China moves to internationalise yuan

Senior Associate Editor

Sunday, October 22, 2017

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BEIJING, China — China is taking steps to internationalise its currency — the yuan — and is hoping that this move will revalue the medium of exchange, according to the People's Bank of China (PBOC).

Pan Gongsheng, head of State Administration and Foreign Exchange and deputy governor of the central bank, said the exchange rate is more market-driven and has been more stable recently. He told the State-owned newspaper China Daily that the central bank was not having regular intervention in the foreign exchange market.

In a release last Tuesday ahead of the opening of the 19th National Congress of the Communist Party of China, the central bank said it is expecting usage of the yuan to rise so it can play a more important role as a global reserve currency. The release said the bank will continually facilitate the yuan's internationalisation to reflect a more stable position in the global monetary system.

Visitors here exchange US$1 for 6 yuan, but the Chinese currency, at the opening of the market last Wednesday, traded at 6.5991 yuan to US$1, weaker than the previous rate of 6.5883 to US$1. Businesses are not allowed to accept the US dollar for goods and services, and visitors to China must produce their passport when exchanging currency.

Analyst at the Bank of China, Wang Youxin, told China Daily that the Chinese currency has fully recovered from a fall in 2016 and has recouped from the losses.

“Supported by the country's improving economic data, the currency is expected to remain stable until the end of the year,” Wang told the newspaper. “Improved market expectations provide a favourable environment for pressing ahead with reform; the general trend is to move toward a more market-driven regime.”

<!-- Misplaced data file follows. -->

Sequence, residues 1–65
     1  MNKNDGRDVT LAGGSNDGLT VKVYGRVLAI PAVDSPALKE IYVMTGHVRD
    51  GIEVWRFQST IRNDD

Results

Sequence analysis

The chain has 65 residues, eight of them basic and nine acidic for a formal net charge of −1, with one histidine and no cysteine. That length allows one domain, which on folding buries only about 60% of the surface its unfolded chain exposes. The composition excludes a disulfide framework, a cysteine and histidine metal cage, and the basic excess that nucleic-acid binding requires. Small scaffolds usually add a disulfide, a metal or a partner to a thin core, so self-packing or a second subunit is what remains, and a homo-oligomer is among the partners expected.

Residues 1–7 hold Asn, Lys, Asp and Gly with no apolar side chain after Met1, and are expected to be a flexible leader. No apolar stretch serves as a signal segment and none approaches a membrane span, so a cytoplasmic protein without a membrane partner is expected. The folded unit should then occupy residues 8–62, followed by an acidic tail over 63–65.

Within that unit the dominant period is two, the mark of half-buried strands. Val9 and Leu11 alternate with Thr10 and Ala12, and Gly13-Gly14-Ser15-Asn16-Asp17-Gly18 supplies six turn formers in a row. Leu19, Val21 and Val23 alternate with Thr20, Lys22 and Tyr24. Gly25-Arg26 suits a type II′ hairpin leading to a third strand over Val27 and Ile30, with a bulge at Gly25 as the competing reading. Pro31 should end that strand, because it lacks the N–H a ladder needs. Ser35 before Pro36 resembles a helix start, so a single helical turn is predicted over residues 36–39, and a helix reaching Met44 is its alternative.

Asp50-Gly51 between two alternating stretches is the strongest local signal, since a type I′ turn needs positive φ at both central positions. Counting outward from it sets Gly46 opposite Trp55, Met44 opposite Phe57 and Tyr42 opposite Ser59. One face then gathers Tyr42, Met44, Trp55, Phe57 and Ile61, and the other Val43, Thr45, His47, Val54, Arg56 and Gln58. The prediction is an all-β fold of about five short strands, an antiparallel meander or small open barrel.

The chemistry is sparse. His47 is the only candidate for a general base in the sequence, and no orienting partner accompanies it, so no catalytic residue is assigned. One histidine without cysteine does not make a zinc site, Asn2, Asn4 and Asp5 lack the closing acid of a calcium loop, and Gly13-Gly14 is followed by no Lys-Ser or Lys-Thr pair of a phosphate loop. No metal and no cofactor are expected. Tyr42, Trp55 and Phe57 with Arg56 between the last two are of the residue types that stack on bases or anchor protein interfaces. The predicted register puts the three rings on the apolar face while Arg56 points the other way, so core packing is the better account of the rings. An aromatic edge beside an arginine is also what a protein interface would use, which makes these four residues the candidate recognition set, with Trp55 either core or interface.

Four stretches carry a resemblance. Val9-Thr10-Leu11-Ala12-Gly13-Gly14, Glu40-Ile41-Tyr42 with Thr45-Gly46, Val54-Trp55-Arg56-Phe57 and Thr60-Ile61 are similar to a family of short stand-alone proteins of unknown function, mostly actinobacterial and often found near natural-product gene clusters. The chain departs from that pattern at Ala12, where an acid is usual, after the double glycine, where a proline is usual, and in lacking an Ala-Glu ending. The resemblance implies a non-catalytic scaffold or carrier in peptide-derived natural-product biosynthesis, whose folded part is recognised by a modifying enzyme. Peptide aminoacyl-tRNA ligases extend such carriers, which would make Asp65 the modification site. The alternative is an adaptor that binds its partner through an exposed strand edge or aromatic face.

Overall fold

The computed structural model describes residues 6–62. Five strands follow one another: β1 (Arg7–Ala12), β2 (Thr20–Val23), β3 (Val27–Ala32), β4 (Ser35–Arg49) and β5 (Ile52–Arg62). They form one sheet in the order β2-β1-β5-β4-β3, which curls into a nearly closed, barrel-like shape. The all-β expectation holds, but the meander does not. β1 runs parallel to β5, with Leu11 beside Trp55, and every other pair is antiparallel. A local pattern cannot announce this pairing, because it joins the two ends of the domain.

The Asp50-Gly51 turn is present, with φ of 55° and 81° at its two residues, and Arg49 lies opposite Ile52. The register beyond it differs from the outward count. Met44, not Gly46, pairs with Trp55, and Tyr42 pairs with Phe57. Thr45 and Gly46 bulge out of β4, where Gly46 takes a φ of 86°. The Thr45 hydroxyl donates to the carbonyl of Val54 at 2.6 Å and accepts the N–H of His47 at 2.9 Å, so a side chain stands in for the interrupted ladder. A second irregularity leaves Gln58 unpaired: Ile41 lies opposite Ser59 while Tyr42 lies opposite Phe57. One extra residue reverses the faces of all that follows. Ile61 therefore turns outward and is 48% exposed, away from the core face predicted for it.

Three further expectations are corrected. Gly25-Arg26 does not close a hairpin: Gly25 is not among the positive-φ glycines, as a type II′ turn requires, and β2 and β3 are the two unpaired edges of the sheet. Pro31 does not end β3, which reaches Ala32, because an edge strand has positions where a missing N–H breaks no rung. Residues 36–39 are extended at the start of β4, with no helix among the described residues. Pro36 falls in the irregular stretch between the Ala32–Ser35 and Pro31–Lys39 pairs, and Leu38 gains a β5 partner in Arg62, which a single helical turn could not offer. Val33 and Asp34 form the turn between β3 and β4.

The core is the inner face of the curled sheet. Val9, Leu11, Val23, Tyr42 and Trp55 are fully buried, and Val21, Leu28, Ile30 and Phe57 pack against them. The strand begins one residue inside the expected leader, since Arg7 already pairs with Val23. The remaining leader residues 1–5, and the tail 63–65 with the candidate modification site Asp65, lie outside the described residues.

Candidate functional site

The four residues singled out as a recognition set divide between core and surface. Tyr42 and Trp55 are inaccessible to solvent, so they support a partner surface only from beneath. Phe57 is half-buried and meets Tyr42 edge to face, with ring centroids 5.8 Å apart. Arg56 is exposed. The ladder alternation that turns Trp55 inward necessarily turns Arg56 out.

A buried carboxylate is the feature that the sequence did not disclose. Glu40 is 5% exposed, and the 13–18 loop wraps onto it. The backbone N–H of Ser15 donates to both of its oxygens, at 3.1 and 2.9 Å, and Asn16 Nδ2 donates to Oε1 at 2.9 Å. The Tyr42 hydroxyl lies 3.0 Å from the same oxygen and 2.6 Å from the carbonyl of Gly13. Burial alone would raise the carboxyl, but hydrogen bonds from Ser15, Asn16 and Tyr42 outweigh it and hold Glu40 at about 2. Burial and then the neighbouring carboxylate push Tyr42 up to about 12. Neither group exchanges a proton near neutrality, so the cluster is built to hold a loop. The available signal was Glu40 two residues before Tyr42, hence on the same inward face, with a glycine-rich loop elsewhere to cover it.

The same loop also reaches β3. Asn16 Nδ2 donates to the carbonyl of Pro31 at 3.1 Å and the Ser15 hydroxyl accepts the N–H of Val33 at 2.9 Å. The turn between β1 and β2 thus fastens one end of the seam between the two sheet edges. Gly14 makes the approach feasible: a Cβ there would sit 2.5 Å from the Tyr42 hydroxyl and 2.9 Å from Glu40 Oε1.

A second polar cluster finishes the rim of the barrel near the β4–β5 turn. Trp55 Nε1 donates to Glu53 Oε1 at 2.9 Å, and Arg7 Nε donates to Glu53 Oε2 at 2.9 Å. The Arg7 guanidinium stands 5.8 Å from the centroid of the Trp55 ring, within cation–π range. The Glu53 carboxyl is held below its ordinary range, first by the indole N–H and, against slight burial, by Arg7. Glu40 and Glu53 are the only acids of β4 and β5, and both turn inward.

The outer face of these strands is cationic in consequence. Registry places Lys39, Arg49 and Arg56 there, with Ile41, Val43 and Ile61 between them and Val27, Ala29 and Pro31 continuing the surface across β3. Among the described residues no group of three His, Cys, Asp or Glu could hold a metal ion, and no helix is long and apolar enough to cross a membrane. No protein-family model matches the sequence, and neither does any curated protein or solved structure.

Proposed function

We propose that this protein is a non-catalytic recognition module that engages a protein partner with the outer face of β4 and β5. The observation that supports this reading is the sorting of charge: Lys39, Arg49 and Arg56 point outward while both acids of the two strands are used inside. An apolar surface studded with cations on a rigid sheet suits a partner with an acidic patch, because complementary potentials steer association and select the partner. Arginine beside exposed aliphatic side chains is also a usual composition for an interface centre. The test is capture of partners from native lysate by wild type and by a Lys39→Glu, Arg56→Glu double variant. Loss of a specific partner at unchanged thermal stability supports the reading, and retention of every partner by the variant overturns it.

The talk of a stronger Chinese currency comes amid plans by President Xi Jinping to push China's growing economy even harder in his second five-year term as head of the Communist Party.

“The period between now and 2020 will be decisive in finishing the building of a moderately prosperous society in all aspects,” Xi told the opening of the 19th National Congress of the Communist Party at the Great Hall of the People in Beijing.

“We must build on this achievement to embark on a new journey toward the second centenary goal of fully building a modern socialist country,” he said.

According to Xi, China's economy has been transitioning from a phase of rapid growth to a stage of high-quality development. “This is a pivotal stage for transforming our growth model, improving our economic structure and fostering new drivers of growth.”

Already home to some of the world's leading technology companies, China, President Xi said, should aim to reach frontier areas of science and technology, strengthen research, and make breakthroughs in original innovations.




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